The toad was covered in dirt. I found a spray wash about two miles from the RV park and gave the car a bit of a bath. Detailing the coach and toad will have to wait until we get to California.

We made a decision to drop our next stop on the way. Hacienda RV Resort, a mere three hour drive from Van Horn RV Park, was cancelled and our stay at the Motorcoach Resort in Chandler, Arizona, extended.

A very long day behind the wheel to get to the Motorcoach Resort.

Here is a quick video of our trip from Alsatian to Van Horn. Aside from the congestion in San Antonio, the drive was wonderful.

The Drive to Alsatian

You missed the video, didn’t you?

Well, the WiFi and cellular at Alsatian and at our following stop, Van Horn, was pretty much useless. A few hundred kilobits per second. Possibly enough for basic email. Nowhere near enough to upload several hundred megabytes of video.

Until today.

We are now in Chandler, Arizona for a couple of days before our last leg to California. We have a short hop of about five hours to complete our drive from Florida.

A bit of catch up on the blog over the next few days. I’ll share a few highlights from our time in the Texas dirt and our close encounter with the U.S. border patrol as we drove from Texas through New Mexico.

Here is that missing video from our post about Alsatian.

Alsatian RV Resort

Another day closer to California. A somewhat shorter drive of roughly five hours brought us from Rayford Crossing RV Resort to the Alsatian RV Resort near San Antonio, Texas.

First day of rain although it did not hit us until late in the day after we had set up the coach.

Nice park. Concrete pads, concrete roads. Good separation between sites although we lucked out and we have a very large corner site. Internet is very poor. Went down last night due to saturation. Very weak cellular and I was unable to post until this morning. The rest of the park is still sleeping as I post.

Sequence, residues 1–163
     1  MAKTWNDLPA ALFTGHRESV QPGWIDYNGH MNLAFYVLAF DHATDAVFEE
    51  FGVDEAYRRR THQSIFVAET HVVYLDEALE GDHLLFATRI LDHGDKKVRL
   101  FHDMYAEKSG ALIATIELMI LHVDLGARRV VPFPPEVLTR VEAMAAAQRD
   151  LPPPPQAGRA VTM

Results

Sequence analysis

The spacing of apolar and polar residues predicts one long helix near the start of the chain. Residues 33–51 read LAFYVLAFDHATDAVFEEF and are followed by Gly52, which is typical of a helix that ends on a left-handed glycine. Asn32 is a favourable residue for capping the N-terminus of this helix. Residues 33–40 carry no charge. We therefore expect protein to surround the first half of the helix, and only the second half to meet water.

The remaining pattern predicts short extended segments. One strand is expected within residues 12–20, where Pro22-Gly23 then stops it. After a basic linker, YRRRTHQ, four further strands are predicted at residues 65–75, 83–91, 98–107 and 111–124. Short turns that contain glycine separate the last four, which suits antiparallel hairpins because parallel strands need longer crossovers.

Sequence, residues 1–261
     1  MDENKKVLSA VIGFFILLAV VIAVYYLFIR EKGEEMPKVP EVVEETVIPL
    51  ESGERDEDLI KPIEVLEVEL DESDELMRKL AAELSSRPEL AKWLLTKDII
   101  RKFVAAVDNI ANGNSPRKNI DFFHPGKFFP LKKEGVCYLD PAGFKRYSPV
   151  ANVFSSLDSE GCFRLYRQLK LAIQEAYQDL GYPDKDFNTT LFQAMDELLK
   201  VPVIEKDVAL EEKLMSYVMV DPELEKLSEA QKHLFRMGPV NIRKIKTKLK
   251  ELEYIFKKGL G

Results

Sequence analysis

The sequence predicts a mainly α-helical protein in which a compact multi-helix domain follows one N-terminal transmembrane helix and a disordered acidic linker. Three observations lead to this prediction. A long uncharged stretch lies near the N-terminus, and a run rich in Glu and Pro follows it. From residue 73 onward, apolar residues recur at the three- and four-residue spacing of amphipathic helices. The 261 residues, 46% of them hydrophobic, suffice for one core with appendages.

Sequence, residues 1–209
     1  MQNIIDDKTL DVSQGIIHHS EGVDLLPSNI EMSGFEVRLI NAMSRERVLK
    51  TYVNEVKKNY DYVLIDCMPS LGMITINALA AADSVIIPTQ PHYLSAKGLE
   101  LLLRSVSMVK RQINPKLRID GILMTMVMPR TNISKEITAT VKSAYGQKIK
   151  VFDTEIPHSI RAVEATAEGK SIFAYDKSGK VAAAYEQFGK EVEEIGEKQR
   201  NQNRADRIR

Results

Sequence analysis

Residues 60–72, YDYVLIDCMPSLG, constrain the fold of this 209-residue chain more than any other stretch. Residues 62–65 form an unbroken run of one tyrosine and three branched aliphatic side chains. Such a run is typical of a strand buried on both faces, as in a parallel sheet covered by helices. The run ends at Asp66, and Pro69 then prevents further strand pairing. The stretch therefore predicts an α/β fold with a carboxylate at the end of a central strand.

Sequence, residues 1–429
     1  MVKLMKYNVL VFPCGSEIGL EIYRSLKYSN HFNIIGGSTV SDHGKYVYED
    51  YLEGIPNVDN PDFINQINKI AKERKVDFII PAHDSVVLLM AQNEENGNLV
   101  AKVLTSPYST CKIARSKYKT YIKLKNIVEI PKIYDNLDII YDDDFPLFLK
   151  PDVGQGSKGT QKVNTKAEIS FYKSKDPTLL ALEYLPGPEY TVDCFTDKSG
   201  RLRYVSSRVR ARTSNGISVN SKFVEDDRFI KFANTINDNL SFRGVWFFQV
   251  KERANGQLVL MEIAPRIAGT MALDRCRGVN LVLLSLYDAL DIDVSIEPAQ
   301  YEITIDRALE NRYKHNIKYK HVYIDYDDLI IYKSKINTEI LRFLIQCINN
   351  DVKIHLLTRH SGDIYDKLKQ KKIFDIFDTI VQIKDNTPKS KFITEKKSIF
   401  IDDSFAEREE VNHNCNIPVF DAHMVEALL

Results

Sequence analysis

A few photos to share from Alsatian and then it is time for Lorraine and I to get up and going again. Long driving day today, probably nine hours or so. Fortunately the last two stops on our run to California, one in New Mexico and the other in Arizona, are much shorter legs. After today’s drive, the long hauls are finished.

Here is our site. Nothing much in the way of landscaping, just a very level run of concrete. Easy to enter and exit.

The sites have reasonable separation although if you score a corner site, like ours, you get an oversized lot.

Alsatian does have a small clubhouse, a pool, and a golf course. A good spot for a few days on the way to somewhere else.

Rayford Crossing RV Resort

Shake, rattle, and roll. That would characterize a fair section of our 11-hour drive yesterday. To be fair, most of the drive from Heritage Motor Coach Resort in Orange Beach, Alabama to Rayford Crossing RV Resort was fine. Good roads and pleasant driving conditions.

There were sections of I-10, particularly in Louisiana and at the border into Texas, that were remarkably bad.

We did make it safely to our site at Rayford Crossing. Traffic in Houston, late in the day Saturday, was heavy and the last 30 minutes or so of a very long day behind the wheel, proved a bit challenging.

I was very happy to get our coach up on the jacks, despite the somewhat uneven concrete pad.

Rayford Crossing is a nice place to park for a couple of nights. Clean, quiet yet very much in the middle of a large, busy urban environment.

Rest and recovery day. Tomorrow’s drive is a bit shorter, only 4 hours behind the wheel.

Here is a video of our drive from Heritage Motor Coach Resort. The video ends before we made Houston because, well, you will see why towards the latter part of the video.